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    We used innovative state-of-the-art computer and collaboration technologies to teach first-year medical students an analytic methodology to solve difficult clinical cardiology problems to make informed medical decisions. Clinical examples included the decision to administer thrombolytic therapy considering the risk of hemorrhagic stroke, and activity recommendations for athletes at risk for sudden death. Students received instruction on the decision-analytic approach which integrates pathophysiology, treatment efficacy, diagnostic test interpretation, health outcomes, patient preferences, and cost-effectiveness into a decision-analytic model.The traditional environment of a small group and blackboard was significantly enhanced by using an electronic whiteboard, the Xerox LiveBoard™. The LiveBoard features an 80486-based personal computer, large (3’×4’) display, and wireless pens for input. It allowed the integration of decision-analytic software, statistical software, digital slides, and additional media. We developed TIDAL (Team Interactive Decision Analysis in the Large-screen environment), a software package to interactively construct decision trees, calculate expected utilities, and perform one- and two-way sensitivity analyses using pen and gesture inputs. The Live Board also allowed the novel incorporation of Gambler, a utility assessment program obtained from the New England Medical Center. Gambler was used to obtain utilities for outcomes such as non-disabling hemorrhagic stroke. The interactive nature of the LiveBoard allowed real-time decision model development by the class, followed by instantaneous calculation of expected utilities and sensitivity analyses. The multimedia aspect and interactivity were conducive to extensive class participation.Ten out of eleven students wanted decision-analytic software available for use during their clinical years and all students would recommend the course to next year's students. We plan to experiment with the electronic collaboration features of this technology and allow groups separated by time or space to collaborate on decisions and explore the models created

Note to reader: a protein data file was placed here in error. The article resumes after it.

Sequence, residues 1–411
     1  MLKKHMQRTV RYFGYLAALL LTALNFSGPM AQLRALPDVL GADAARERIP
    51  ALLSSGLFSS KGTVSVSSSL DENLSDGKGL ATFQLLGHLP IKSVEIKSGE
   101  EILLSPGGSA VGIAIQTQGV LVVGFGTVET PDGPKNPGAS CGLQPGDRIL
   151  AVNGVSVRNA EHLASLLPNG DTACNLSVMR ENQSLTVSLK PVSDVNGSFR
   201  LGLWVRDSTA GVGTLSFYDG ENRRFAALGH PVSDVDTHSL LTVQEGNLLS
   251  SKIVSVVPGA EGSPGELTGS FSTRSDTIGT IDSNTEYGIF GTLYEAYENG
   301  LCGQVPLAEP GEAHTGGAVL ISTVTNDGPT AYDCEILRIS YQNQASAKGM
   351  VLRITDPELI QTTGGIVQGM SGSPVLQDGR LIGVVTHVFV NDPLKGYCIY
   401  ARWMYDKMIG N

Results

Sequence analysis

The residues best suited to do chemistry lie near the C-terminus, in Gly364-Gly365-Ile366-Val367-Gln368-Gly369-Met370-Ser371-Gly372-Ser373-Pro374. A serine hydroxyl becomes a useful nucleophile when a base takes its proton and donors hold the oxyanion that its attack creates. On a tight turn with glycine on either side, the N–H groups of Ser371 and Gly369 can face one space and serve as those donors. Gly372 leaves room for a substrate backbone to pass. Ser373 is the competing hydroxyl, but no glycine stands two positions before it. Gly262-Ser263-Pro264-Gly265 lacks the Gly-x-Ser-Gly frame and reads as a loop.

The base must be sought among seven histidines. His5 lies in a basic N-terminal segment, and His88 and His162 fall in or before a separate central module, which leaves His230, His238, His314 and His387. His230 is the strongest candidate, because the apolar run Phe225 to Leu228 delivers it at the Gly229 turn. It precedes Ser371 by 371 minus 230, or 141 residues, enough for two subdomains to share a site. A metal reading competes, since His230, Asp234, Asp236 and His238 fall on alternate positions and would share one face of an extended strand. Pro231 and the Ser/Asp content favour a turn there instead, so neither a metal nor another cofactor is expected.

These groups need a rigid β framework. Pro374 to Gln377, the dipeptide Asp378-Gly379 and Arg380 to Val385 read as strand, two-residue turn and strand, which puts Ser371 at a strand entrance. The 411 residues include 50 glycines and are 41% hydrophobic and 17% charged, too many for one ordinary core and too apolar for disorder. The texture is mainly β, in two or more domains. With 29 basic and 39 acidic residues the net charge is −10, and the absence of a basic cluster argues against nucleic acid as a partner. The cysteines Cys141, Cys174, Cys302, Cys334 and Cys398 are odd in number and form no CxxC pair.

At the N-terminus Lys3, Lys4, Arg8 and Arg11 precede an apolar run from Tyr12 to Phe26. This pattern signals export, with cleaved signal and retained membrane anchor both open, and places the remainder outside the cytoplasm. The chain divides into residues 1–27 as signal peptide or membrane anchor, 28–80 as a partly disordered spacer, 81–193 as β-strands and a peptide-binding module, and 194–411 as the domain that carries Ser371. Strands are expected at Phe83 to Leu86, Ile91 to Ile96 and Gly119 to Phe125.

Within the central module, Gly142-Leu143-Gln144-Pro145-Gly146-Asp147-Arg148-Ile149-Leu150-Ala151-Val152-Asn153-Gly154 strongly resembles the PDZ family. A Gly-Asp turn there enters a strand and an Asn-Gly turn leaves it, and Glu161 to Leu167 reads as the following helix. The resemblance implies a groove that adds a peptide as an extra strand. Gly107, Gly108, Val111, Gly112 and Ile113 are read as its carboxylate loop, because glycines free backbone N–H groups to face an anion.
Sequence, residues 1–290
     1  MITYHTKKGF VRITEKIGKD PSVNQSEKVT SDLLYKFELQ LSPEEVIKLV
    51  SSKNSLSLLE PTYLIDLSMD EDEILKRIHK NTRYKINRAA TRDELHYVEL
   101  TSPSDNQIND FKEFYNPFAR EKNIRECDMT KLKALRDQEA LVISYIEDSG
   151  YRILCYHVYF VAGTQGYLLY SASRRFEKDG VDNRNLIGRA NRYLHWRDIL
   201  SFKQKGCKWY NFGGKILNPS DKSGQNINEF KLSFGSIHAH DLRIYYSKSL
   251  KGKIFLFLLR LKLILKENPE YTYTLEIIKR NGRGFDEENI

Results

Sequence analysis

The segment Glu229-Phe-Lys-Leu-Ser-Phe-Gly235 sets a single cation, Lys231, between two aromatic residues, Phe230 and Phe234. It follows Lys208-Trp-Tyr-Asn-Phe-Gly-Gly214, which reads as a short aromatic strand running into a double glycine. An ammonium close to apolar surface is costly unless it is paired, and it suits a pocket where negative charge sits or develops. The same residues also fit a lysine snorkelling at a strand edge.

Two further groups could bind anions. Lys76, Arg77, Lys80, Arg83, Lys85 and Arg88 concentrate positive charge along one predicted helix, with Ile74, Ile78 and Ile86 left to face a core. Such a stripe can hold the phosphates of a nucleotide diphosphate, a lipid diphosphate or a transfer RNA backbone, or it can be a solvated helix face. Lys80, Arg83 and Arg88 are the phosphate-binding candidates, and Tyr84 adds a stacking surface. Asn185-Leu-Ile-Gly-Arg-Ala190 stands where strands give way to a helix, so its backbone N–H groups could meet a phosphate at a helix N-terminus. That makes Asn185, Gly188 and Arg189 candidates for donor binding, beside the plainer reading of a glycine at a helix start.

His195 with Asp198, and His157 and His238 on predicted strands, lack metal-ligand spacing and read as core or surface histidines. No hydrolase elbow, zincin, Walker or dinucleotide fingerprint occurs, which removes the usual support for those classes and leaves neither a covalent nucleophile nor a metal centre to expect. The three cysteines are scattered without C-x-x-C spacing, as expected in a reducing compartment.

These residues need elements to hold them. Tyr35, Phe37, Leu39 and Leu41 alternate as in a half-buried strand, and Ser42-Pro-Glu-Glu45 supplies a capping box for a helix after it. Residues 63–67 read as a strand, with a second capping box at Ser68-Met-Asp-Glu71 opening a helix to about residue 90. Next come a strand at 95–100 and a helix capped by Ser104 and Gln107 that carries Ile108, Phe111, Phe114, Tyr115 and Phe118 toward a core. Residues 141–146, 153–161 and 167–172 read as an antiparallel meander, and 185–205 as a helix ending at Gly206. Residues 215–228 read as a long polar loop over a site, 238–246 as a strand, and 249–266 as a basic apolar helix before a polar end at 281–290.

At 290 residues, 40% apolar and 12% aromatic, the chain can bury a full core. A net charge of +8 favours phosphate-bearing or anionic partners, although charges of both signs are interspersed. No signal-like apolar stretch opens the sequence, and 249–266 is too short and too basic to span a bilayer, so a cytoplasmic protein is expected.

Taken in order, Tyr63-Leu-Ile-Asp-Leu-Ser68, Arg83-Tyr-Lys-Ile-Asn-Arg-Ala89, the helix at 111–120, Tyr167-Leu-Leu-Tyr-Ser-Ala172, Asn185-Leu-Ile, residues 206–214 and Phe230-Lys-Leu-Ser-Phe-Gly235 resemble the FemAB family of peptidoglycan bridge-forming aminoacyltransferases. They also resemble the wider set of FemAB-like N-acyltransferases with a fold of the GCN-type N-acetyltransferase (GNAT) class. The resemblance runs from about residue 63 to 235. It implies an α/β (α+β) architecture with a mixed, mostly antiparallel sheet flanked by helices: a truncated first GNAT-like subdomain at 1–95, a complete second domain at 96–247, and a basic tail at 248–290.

Sampling a Littoral Fish Assemblage: Comparison of Small-Mesh Fyke Netting and Boat Electrofishing

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    We compared small-mesh (4-mm) fyke netting and boat electrofishing for sampling a littoral fish assemblage in Muskegon Lake, Michigan. We hypothesized that fyke netting selects for small-bodied fishes and electrofishing selects for large-bodied fishes. Three sites were sampled during May (2004 and 2005), July (2005 only), and September (2004 and 2005). We found that the species composition of captured fish differed considerably between fyke netting and electrofishing based on nonmetric multidimensional scaling (NMDS). Species strongly associated with fyke netting (based on NMDS and relative abundance) included the brook silverside Labidesthes sicculus, banded killifish Fundulus diaphanus, round goby Neogobius melanostomus, mimic shiner Notropis volucellus, and bluntnose minnow Pimephales notatus, whereas species associated with electrofishing included the Chinook salmon Oncorhynchus tshawytscha, catostomids (Moxostoma spp. and Catostomus spp.), freshwater drum Aplodinotus grunniens, walleye Sander vitreus, gizzard shad Dorosoma cepedianum, and common carp Cyprinus carpio. The total length of fish captured by electrofishing was 12.8 cm (95% confidence interval ¼ 5.5– 17.2 cm) greater than that of fish captured by fyke netting. Size selectivity of the gears contributed to differences in species composition of the fish captured, supporting our initial hypothesis. Thus, small-mesh fyke nets and boat electrofishers provided complementary information on a littoral fish assemblage. Our results support use of multiple gear types in monitoring and research surveys of fish assemblages. Copyright by the American Fisheries Society 2007, Originally published in the North American Journal of Fisheries Management 27: 825-831, 2007

    Inhibition of the mitochondrial pyruvate carrier protects from excitotoxic neuronal death.